I must tell you, I have been very proud of my profession these last few weeks. These brave reporters, photographers and their support staff going into the battleground of Ukraine and sending the story home.

Now, we have lost a great and award winning American journalist. 50 year old Brent Renaud was killed in Ukraine on Sunday. It happened as he and colleague, Juan Arrendondo, approached a checkpoint.

Arrendondo described what happened: “We crossed the checkpoint and they started shooting at us. So, the driver turned around and they kept shooting. It was two of us. My friend, Brent Renaud, he is shot and left behind.”

Brent Renaud died doing what he loved, I’m guessing. Going into the worst and most dangerous places to get the story. I have always respected war reporters. I’m perplexed by them too. Putting their lives on the line for a story.

I watch NBC’s Richard Engel in amazement. Wherever there’s conflict, he’s there. He’s in Ukraine right now.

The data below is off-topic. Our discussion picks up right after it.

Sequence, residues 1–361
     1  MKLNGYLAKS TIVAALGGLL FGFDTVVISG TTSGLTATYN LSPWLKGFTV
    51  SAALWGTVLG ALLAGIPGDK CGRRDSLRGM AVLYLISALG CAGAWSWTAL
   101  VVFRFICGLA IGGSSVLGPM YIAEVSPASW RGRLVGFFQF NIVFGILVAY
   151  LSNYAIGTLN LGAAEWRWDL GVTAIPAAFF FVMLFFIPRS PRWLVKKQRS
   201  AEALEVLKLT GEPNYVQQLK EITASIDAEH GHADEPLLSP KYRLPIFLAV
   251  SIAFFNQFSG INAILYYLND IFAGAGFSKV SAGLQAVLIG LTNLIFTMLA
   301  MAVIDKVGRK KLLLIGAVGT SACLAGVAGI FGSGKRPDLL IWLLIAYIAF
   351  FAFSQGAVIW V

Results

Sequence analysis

There have always been those reporters that do what Brent Renaud did and Richard Engel do. Some of the more familiar names include Ernie Pyle, Walter Cronkite, Edward R. Murrow, Dan Rather and Christiane Amanpour.

Even Winston Churchill, Ernest Hemingway and John Steinbeck were war correspondents early in their careers.

These brave war correspondents of today have their hands full. The war rages in Ukraine. Russia attacked dangerously close to the Poland border. Dozens were killed on a military base.

Ukraine’s President Volodymyr Zelensky warns NATO that the fight is getting closer: “I’ll reiterate now that if you don’t close our skies, then it’s just a matter of time before Russian missles will hit your territory, NATO’s territory, houses of NATO citizens.”

FOX News is also reporting that Zelensky says there needs to be direct talks with Russian president Vladimir Putin.

Maybe some diplomacy will help calm this situation. Hope so. You get the feeling that this is about to escalate to a point where the U.S. and NATO are about to get far more involved than we want to be.

If that happens, all of us reporters may become war correspondents.

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